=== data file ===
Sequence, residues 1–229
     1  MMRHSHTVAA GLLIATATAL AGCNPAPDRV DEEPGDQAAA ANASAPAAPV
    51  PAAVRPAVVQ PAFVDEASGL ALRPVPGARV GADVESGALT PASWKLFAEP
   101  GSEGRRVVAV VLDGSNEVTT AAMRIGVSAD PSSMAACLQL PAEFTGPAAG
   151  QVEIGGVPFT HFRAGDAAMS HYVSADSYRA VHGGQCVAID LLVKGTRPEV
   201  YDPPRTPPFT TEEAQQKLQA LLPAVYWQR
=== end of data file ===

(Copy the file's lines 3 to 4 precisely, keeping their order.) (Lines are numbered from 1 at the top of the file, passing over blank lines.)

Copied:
    51  PAAVRPAVVQ PAFVDEASGL ALRPVPGARV GADVESGALT PASWKLFAEP
   101  GSEGRRVVAV VLDGSNEVTT AAMRIGVSAD PSSMAACLQL PAEFTGPAAG